5– Can we create a right to energy?

Rights emerge from historical, social, and political struggles. Rights – particularly civil and political rights – used to be assigned only to men (and not all men, as some were excluded due to race, class, or other characteristics). As a result of political and social struggle, some countries’ rights frameworks today include all men, women, boys and girls. The rights of workers, peasants, traditional communities, and the right to express one’s sexual identity may be recognised, among others.

Rights are not a fact, but a construct, a human invention, in a constant process of construction and reconstruction. Rights are a terrain of and in dispute – fluctuating between their ‘regulatory potential’ and their ‘emancipatory potential’. That is to say, they can serve sometimes to solidify or consolidate existing power relations in society, but at other times can serve to challenge, undermine, or transform these. The living forces of society – political and social movements – are key actors in these struggles, against forces and institutions that tend to preserve the established order. Fundamentally, struggles over rights are struggle about the nature, meaning, and legitimacy of democracy and the rule of law.[1]

The law can be seen to represent the balance of forces at a given moment. When this balance of forces shifts within a democratic system, this generally influences the legal system. Peoples’ need to establish their rights in the legal system within the framework of capitalist society has a direct relationship with the advance of market logic in different spheres of life.[2] In this way, capital’s response is the emergence of markets where the satisfaction of rights will become a service, subject precisely to the market logic. This is how water, nature, and energy have become commodities subject to the logic of capital.

Faced with this market logic that considers everything in our surroundings as a good to buy or sell, social movements fight and resist. They use their creativity. And often, they use the recognition of rights as part of their struggles. They shape the content of rights, and the social and political legitimacy that enable their institutionalisation. Rights do not exist solely from legal recognition. They begin to exist from vital needs and fundamental claims by human groups and beings that demand them (Bertinat, Chemes, and Moya, 2012).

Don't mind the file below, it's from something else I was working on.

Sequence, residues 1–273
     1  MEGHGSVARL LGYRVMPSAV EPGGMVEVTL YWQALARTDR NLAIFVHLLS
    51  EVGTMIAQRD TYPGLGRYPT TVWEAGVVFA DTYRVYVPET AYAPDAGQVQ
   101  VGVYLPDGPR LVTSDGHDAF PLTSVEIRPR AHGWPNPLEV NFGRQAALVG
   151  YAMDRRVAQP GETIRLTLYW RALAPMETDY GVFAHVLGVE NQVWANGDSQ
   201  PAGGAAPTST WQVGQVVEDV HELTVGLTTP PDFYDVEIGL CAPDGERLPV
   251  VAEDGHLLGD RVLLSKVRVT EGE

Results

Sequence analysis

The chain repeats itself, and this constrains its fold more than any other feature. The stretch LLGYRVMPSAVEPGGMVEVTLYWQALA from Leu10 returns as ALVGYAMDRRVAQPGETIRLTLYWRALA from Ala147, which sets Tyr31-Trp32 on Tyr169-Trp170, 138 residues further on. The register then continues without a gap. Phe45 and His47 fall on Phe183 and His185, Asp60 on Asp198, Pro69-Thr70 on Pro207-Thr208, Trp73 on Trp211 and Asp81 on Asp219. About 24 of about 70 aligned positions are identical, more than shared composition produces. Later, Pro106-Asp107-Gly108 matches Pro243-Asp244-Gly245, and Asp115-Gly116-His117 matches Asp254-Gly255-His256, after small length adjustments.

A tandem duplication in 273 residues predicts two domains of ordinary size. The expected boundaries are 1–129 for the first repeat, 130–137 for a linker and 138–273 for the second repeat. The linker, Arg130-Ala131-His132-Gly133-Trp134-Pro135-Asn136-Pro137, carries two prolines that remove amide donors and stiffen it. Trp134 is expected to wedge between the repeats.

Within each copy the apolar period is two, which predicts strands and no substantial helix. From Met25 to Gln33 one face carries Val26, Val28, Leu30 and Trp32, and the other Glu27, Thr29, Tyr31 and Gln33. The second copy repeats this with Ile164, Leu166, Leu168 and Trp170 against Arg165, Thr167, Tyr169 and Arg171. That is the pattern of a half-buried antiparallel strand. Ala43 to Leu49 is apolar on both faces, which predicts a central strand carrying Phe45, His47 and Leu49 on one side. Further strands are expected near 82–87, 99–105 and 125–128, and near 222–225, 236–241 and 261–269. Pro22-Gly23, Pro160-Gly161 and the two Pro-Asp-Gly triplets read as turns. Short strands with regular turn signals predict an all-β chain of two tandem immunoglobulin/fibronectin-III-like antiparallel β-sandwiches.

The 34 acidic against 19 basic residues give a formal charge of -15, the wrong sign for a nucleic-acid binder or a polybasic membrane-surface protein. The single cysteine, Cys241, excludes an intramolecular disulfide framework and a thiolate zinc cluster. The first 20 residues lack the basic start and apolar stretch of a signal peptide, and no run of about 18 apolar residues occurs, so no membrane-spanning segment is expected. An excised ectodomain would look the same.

In this way, a peoples’ energy transition includes advancing the decommodification of energy and removing it from the sphere of capitalist markets, so that it becomes part of a logic of rights. A comprehensive right to energy encompasses not only the right to have energy available to cover basic needs, but also the right to decide about critical dimensions of the energy system. What kind of energy is produced?; for whom and how it is distributed?; how are the rights of communities and workers who are directly related to energy extraction and creation affected? This set of rights is usually called energy sovereignty, understood as peoples’ non-State sovereignty. Energy sovereignty is based on the empowerment of communities and workers in relation to their energy future and their vision of society. Energy sovereignty means ensuring that communities and workers have the energy they need to build and sustain thriving, resilient and just socio-ecological systems.

This will require social and technological responses that allow people to break relationships of dependence with energy systems that are controlled by transnational corporate monopolies.

Energy sovereignty requires the recognition of the human right to energy in sufficient quantity and quality for a life with dignity. That amount is not fixed but can be set according to the energy requirements of a sustainable society, the availability of energy, and the physical limits of the planet.

Progress is being made within peoples’ movements to agree on and collectively build visions of energy sovereignty, energy rights, energy decommodification and democratisation in the context of building societies based on environmental and social justice.

  1. Boaventura de Sousa Santos further develops this idea: ‘law has both a regulatory or even repressive potential, and an emancipatory potential, the latter being much greater than the model of normal change has ever postulated; the way law’s potential, whether towards regulation or emancipation, has nothing to do with the autonomy or self-reflexiveness of the law, but rather with the political mobilization of competing social forces.’ (De Sousa Santos, 2009)
  2. Karl Polanyi explains this market-driven process as a ‘great transformation’, which occurs when the capitalist mode of production becomes the dominant mode of production, causing the shift from a society with a market to a market society. That is, that the workforce, land, and money, converted into merchandise, were integrated into the market mechanism and thus subordinated the substance of society to its laws. (Aguirrezábal y Arelovich, 2011).